This article appeared online at TheNewAmerican.com on Wednesday, August 28, 2019:
When William Dudley, a bona-fide insider and tool of the Deep State, wrote that the Federal Reserve should work against the president’s agenda, even if it cost him next year’s election, the reaction came from all quarters: The Fed’s political bias has finally and permanently been exposed for all to see.
Dudley’s credentials are impeccably Deep State: He is a graduate of UC-Berkeley who worked for Goldman Sachs for more than 20 years, a member of the Council on Foreign Relations, a member of the board of directors of the Bank for International Settlements (BIS) and the Committee on the Global Financial System, and serves as president of the Federal Reserve Bank of New York and vice-chairman of the Fed’s Open Market Committee.
Thanks to Dudley’s forthright op-ed at Bloomberg on Tuesday, that veil has been lifted, and many insiders aren’t happy about it. It seems that he has unwittingly exposed the pervasive and carefully crafted myth that the Fed is “objective,” “unbiased,” “neutral,” and removed from all political considerations in conducting its policies. Those policies have been sold as guiding the U.S. economy on paths of low inflation (even as the bank itself is the engine of inflation) and full employment, and nothing more.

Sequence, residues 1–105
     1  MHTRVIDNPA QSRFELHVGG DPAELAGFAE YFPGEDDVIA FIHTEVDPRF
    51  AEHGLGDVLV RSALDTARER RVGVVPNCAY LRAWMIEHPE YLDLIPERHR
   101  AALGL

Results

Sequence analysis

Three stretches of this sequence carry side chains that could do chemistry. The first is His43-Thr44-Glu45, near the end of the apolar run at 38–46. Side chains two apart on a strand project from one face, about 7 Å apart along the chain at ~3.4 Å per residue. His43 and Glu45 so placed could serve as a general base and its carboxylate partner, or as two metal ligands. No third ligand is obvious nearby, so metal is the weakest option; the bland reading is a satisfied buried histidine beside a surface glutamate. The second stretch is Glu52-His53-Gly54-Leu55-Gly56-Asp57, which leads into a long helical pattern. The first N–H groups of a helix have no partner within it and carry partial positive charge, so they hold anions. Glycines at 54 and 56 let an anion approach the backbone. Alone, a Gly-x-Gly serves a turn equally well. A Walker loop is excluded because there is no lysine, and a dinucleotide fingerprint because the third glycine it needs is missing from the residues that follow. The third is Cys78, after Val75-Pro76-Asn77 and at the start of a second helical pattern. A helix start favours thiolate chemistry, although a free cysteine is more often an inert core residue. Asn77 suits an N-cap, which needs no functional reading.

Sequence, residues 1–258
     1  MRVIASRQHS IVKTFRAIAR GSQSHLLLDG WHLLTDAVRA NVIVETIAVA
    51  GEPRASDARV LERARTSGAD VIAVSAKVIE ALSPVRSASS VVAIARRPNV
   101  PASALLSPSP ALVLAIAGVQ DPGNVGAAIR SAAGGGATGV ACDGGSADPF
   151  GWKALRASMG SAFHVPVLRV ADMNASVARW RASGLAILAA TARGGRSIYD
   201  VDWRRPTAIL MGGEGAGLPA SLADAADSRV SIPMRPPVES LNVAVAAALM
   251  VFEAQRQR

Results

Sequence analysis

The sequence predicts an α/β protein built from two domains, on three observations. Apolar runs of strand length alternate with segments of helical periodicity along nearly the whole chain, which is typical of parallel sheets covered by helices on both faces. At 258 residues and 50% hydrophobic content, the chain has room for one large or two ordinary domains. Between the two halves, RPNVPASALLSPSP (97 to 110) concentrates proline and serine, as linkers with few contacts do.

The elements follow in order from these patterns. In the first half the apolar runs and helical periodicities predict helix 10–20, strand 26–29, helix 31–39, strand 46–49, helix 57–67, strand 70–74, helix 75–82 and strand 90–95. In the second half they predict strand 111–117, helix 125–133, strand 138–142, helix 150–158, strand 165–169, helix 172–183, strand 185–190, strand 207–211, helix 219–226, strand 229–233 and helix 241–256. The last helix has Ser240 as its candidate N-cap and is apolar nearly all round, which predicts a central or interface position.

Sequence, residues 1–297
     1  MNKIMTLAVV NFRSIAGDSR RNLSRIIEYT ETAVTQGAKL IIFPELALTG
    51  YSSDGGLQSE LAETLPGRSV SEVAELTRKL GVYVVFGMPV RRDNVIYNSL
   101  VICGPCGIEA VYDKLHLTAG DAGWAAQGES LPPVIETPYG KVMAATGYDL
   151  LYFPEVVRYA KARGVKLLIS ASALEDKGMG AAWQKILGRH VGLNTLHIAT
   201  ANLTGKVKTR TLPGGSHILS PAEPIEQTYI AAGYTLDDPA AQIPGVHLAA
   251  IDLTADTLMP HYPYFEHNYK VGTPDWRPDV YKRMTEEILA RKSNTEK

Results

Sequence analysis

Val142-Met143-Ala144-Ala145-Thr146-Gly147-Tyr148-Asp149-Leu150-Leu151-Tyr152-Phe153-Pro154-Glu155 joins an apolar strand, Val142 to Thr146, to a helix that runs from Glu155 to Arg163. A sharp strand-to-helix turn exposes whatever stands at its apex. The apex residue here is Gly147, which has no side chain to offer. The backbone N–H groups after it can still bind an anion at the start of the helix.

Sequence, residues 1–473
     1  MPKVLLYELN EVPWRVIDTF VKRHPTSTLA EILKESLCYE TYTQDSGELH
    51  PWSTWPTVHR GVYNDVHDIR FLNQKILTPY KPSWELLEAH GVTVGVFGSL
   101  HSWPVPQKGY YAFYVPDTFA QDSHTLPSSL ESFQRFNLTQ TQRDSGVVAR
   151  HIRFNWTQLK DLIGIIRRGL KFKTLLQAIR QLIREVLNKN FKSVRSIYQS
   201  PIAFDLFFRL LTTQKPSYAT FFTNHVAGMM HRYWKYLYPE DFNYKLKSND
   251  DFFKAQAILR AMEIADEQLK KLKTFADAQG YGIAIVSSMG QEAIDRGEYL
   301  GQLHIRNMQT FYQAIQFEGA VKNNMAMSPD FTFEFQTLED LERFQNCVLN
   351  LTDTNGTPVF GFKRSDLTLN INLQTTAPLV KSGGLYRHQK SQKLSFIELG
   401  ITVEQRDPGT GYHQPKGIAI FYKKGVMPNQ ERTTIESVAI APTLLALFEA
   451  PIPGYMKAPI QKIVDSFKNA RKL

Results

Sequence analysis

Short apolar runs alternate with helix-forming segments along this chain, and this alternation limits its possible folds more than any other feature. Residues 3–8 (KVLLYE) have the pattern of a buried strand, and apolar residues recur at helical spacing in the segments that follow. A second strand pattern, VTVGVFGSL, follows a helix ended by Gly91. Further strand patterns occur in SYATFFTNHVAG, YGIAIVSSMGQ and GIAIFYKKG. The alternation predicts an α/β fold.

Dudley gave lip service to the myth before exploding it: “Staying above the political fray helps the central bank maintain its independence.” But then comes the bombshell: “[Fed] officials should state explicitly that the central bank won’t bail out an administration that keeps making bad choices on trade policy, making it abundantly clear that Trump will own the consequences of his actions.”
Dudley explains just how the Fed could derail the president’s strategy in dealing with the communists running China:
First, it would discourage further escalation of the trade way, by increasing costs to the Trump Administration.
Second, it would reassert the Fed’s independence by distancing itself from the administration’s policies.
Third, it would conserve much-needed ammunition [lower interest rates in the future to restimulate an economy in recession], allowing the Fed to avoid further interest-rate cuts at a time when rates are already very low.
It’s clear from Dudley’s op-ed that he’s miffed that the president had the audacity to criticize repeatedly the actions of the Fed. Other presidents have studiously avoided any public appearance of pressuring the Fed, but not The Donald. Wrote Dudley: